Retroperitoneal Fibrosis

Retroperitoneal fibrosis is a condition characterized by the proliferation of fibrosis in the retroperitoneum. It is also known as Ormond’s disease and usually presents with the presence of flank pain. The condition is named after John Kelso Ormond, a urologist who published information regarding retroperitoneal obstruction.

Retroperitoneal fibrosis may either be benign or malignant and has the tendency to metastasize. It may lead to renal failure if the disease progresses towards the kidney and other surrounding structures. It is a collagen vascular disorder affecting urine flow from the kidneys to the urinary bladder by an obstruction in the ureters.

Causes Of Retroperitoneal Fibrosis

Retroperitoneal fibrosis may be classified as primary or secondary based on the presenting signs associated with the condition.

  • In primary retroperitoneal fibrosis, the cause is idiopathic or unknown. However, it has been linked to certain autoimmune conditions as an immunosuppression response.
  • Secondary retroperitoneal fibrosis has been associated with certain conditions like malignancy and infections such as actinomycosis, histoplasmosis and tuberculosis as well as medications including methysergide, hydralazine, beta-blockers, ergotomines, pergolide and bromocriptine. Exposure to external beam radiation therapy, a form of treatment used in cancer, has also been associated with the disease. Trauma or surgery to the abdomen or pelvis may also predispose a patient to the condition. Around 10-25% of the cases usually have an identifiable secondary condition.

Signs and Symptoms

  • Early signs and symptoms of retroperitoneal fibrosis are usually nonspecific but would usually include abdominal or lumbar discomfort or dullness. Severe pain may be possible in the abdomen, lower bank and flank areas. The decrease in blood flow would cause pain sensation and a change in the color of the legs.
  • A late symptom would include a decrease in the urine out until such time as anuria occurs. This is usually indicative of renal or urethral involvement. Nausea, vomiting and mental confusion may occur possibly caused by renal failure and build-up of toxins in the blood. Severe abdominal pain may also present due to hemorrhage brought about by the death of intestinal tissues. Men may experience testicular swelling while women may present with endometriosis secondary to anatomic distortion.

Diagnosis

The diagnosis for retroperitoneal fibrosis is usually delayed because of the absence of clinical manifestation which usually prompts a patient to be checked by a physician.

  • Radiographic examination is usually the first step in establishing the diagnosis of retroperitoneal fibrosis. Computed tomography (CT scan) and magnetic resonance imaging (MRI) may also be used. Some physicians consider abdominal CT scan as the best method to reveal retroperitoneal fibrosis.
  • Blood samples may be used to determine the serum creatinine levels and serum blood urea nitrogen (BUN). These blood tests are necessary to determine and evaluate kidney function.
  • Intravenous pyelogram may also be indicated to evaluate blood in the urine as well as presence of kidney stones and tumors. This, however, would utilize an iodine-contrast dye which some patients may be allergic to.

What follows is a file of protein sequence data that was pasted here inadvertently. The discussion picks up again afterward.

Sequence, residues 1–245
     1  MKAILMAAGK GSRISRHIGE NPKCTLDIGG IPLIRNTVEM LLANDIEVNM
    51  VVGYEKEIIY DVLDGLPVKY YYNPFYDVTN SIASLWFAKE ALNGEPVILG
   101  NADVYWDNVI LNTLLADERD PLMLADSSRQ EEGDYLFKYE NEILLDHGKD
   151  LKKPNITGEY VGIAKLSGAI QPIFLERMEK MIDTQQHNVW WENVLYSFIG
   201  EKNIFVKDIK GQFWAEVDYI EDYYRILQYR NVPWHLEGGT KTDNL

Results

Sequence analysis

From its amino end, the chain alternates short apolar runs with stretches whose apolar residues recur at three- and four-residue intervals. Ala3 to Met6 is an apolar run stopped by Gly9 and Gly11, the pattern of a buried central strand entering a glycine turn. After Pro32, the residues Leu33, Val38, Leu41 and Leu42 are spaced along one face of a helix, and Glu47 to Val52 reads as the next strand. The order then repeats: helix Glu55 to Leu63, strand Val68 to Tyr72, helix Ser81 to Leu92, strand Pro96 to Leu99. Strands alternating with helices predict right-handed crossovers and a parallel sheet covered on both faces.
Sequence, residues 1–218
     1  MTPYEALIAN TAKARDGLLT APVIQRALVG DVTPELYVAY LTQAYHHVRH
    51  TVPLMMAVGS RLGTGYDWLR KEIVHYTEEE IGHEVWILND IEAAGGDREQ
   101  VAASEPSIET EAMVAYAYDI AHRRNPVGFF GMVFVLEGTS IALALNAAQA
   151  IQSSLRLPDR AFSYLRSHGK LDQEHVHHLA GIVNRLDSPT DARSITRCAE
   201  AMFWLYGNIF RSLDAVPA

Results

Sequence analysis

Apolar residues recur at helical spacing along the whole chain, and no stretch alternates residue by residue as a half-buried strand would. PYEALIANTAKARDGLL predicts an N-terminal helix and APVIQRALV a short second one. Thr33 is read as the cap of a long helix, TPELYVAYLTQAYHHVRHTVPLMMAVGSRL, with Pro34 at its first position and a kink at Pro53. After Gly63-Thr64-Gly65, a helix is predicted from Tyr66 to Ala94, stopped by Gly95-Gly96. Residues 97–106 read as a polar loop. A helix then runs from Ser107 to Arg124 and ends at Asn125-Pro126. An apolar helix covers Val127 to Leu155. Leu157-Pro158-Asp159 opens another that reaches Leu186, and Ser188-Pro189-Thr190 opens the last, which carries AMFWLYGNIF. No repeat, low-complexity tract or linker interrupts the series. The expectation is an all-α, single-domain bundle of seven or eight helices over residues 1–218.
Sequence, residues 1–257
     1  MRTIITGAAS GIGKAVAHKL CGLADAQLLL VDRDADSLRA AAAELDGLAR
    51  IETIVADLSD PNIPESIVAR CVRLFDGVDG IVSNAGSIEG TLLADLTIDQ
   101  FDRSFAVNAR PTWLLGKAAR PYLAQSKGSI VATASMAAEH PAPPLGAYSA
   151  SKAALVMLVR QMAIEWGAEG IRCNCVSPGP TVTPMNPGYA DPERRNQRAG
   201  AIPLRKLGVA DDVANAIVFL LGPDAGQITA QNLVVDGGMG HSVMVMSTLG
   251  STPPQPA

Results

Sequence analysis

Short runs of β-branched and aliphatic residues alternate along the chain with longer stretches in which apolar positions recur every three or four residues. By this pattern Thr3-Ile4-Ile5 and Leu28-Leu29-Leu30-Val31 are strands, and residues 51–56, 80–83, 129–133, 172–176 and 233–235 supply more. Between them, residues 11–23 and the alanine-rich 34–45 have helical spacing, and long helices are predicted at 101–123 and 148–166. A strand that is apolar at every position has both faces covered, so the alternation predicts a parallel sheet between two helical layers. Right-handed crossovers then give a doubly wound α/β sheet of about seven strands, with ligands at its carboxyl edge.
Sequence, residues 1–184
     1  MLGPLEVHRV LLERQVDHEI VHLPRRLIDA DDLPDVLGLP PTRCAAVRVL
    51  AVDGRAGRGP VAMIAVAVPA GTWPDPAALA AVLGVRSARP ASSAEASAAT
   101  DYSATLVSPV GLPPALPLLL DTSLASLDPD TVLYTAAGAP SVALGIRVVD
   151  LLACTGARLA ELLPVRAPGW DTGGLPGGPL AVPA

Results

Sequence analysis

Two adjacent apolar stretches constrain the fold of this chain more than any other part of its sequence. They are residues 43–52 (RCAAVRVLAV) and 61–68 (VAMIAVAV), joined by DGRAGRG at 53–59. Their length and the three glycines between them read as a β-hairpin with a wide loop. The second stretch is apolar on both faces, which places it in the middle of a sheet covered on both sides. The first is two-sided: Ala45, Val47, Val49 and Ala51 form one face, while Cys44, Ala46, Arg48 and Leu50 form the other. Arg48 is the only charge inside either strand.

• Kidney ultrasound is also necessary to diagnose and monitor tumor growth.
  • Biopsy of the retroperitoneal fibrosis may also be done to eliminate the possibility of tumor malignancies.
  • Complete blood count is also necessary to check for the presence of anemia especially if hemorrhage occurs as well as identify markers of inflammation in the blood.

Treatment for Retroperitoneal Fibrosis

The best form of treatment for retroperitoneal fibrosis is not known. The treatment plan would usually depend on the size and type of mass involved as well as the involvement of other surrounding tissues.

  • Surgery with omental wrapping may be generally indicated for patients with severe urinary obstruction.
  • If there is a blockage of urine caused by the inflammation and fibrosis in the ureters, a tube or stent may be placed in the kidneys through the back to allow the flow of urine.
  • For cases premeditated by an autoimmune response, immunosuppressive therapy may be indicated. This may be done through the use of glucocorticoids. Tamoxifen has been shown efficacy in treating retroperitoneal fibrosis although the mechanism of its action is still not fully known.

Prognosis

The prognosis for retroperitoneal fibrosis would depend on the extent of the fibrosis as well as the invasion and damage to other surrounding organs especially to the kidneys. The extent of kidney damage may either be temporary or permanent.

When to contact the doctor?

It is therefore important to have a physical examination done by a physician as soon as flank pain is experienced as well as a decrease in the urinary output or anuria is noted.

Retroperitoneal fibrosis is a condition that would require prompt treatment at the earliest possible time to have a good prognosis as well as to prevent damage to other organs especially the kidneys. Other complications like chronic kidney failure and chronic obstructive uropathy may be prevented if retroperitoneal fibrosis is diagnosed and treated early.

References:

http://www.nlm.nih.gov/medlineplus/ency/article/000463.htm

http://en.wikipedia.org/wiki/Retroperitoneal_fibrosis



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